The simple rationale behind the prohibition is that a statue may come to be worshipped. But it’s a little deeper than that –
A statue conveys perfection – and our tradition goes out of its way to highlight the imperfections of our leaders, the greatest example of whihc is found in this week’s parsha: Moshe, the paragon of perfection – the individual who speaks to G-d face to face, like a man speaks to a friend, even he succumbs to failure, to mistakes, to poor judgment.
Whatever he did is immaterial to the broader point that the Torah makes over and over again – our leaders are imperfect. Our leaders are… human.
A statue is not only an affront to G-d but it misrepresents what it means to be human. A bronze statue, a stone bust – that’s not who we are. We are flesh and blood, pushed and pulled by our emotions and faulty thinking, trudging our way through life.
It’s a view with important ramifications. I am reminded of R. Berel Wein’s famous and somewhat cynical statement – don’t judge Judaism by the Jews. He’s often quoted when some great Jewish leader fails to represent the Torah and its values. There’s truth to his statement; no Jew is perfect, and some are downright evil. And for this reason, no one can be immortalized with a god-like statue.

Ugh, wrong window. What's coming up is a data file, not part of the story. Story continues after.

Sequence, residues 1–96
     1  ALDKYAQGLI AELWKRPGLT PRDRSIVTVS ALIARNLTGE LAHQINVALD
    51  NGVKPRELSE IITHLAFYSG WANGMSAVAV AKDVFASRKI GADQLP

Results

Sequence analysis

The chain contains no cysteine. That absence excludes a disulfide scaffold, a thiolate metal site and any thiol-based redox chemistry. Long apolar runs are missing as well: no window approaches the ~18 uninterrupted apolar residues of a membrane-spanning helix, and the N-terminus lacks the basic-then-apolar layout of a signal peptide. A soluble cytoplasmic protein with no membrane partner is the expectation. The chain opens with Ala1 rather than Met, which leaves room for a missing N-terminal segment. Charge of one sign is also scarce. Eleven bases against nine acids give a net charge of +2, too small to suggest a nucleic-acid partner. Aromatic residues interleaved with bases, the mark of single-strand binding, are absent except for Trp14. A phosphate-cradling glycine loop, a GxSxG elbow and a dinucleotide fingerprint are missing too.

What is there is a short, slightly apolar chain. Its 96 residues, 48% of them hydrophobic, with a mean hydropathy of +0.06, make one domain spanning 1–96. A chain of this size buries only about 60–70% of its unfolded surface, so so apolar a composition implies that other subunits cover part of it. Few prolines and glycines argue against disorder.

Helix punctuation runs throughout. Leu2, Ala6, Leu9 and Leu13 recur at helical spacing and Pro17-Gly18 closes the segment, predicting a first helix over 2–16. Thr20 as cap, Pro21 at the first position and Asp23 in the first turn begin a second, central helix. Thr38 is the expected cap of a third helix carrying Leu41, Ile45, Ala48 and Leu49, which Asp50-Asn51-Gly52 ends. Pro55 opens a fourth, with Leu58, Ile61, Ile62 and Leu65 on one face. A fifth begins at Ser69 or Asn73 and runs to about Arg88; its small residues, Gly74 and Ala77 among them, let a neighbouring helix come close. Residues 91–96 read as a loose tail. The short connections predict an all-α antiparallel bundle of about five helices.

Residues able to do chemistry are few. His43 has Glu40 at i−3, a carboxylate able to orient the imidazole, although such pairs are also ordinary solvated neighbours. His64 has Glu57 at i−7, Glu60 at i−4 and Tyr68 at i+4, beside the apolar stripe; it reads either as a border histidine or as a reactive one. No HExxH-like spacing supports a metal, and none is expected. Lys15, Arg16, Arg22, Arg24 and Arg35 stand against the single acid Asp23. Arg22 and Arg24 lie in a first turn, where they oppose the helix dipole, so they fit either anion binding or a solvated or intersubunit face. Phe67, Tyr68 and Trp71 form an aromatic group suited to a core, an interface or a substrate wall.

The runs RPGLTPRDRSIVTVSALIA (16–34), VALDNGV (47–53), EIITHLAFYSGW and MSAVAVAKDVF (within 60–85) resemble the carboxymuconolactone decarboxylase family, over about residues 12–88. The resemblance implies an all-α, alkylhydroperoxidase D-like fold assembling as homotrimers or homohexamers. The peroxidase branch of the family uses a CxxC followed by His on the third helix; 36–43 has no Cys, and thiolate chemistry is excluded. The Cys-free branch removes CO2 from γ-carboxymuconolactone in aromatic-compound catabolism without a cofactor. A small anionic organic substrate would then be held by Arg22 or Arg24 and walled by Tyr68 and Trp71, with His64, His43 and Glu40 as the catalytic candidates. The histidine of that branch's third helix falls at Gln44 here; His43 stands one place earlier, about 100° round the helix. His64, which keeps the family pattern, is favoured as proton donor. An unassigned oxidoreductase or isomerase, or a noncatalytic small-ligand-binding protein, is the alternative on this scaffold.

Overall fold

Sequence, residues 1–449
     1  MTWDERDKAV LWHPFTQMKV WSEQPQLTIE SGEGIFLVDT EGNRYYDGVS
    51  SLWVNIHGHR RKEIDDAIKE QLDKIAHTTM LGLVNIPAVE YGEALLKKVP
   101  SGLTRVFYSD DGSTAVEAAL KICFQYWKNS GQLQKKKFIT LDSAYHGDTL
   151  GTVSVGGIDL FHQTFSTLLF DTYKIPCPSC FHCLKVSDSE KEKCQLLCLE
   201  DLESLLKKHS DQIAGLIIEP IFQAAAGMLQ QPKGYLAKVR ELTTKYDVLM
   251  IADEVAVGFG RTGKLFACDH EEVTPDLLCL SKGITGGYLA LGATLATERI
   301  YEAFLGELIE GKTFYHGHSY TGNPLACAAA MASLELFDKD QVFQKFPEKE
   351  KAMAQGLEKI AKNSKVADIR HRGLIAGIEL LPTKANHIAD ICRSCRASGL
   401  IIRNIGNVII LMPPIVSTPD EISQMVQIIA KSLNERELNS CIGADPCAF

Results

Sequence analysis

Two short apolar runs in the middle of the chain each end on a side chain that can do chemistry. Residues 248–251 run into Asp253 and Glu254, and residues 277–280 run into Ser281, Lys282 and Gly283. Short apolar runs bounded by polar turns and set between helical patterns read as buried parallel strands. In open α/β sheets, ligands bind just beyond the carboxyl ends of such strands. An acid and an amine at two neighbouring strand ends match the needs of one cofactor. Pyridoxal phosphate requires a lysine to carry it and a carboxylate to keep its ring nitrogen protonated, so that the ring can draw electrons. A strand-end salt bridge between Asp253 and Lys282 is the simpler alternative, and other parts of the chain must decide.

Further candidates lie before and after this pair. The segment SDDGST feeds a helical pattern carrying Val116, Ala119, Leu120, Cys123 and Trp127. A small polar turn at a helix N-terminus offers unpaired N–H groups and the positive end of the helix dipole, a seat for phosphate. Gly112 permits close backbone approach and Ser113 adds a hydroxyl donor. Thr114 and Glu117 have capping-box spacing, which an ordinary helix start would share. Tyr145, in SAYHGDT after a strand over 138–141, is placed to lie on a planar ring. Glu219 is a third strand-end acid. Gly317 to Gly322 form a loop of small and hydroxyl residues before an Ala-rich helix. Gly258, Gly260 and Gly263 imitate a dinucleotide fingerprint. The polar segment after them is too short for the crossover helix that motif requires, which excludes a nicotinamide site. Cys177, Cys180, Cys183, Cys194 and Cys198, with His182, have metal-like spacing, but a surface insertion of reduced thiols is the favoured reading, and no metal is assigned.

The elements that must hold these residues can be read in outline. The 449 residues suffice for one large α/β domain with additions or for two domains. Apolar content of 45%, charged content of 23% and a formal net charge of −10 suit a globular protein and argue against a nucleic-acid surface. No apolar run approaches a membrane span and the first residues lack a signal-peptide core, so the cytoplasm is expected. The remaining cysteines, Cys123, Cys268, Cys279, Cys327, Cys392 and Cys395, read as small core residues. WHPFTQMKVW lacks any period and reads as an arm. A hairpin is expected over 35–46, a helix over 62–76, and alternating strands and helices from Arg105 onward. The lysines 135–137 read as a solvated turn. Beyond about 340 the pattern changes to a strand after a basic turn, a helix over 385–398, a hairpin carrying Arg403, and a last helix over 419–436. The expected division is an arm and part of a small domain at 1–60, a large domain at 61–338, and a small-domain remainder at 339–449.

But I believe that this is an oversimplification or perhaps an incomplete picture – that simply focusing on the imperfection of leaders is not the Torah viewpoint either.
This same parsha that tells us of Moshe’s failing begins with the laws of reclaiming ritual purity. Coming into contact with the dead brings about a change in a person; a change that necessitates a process of reintegration into the holy camp.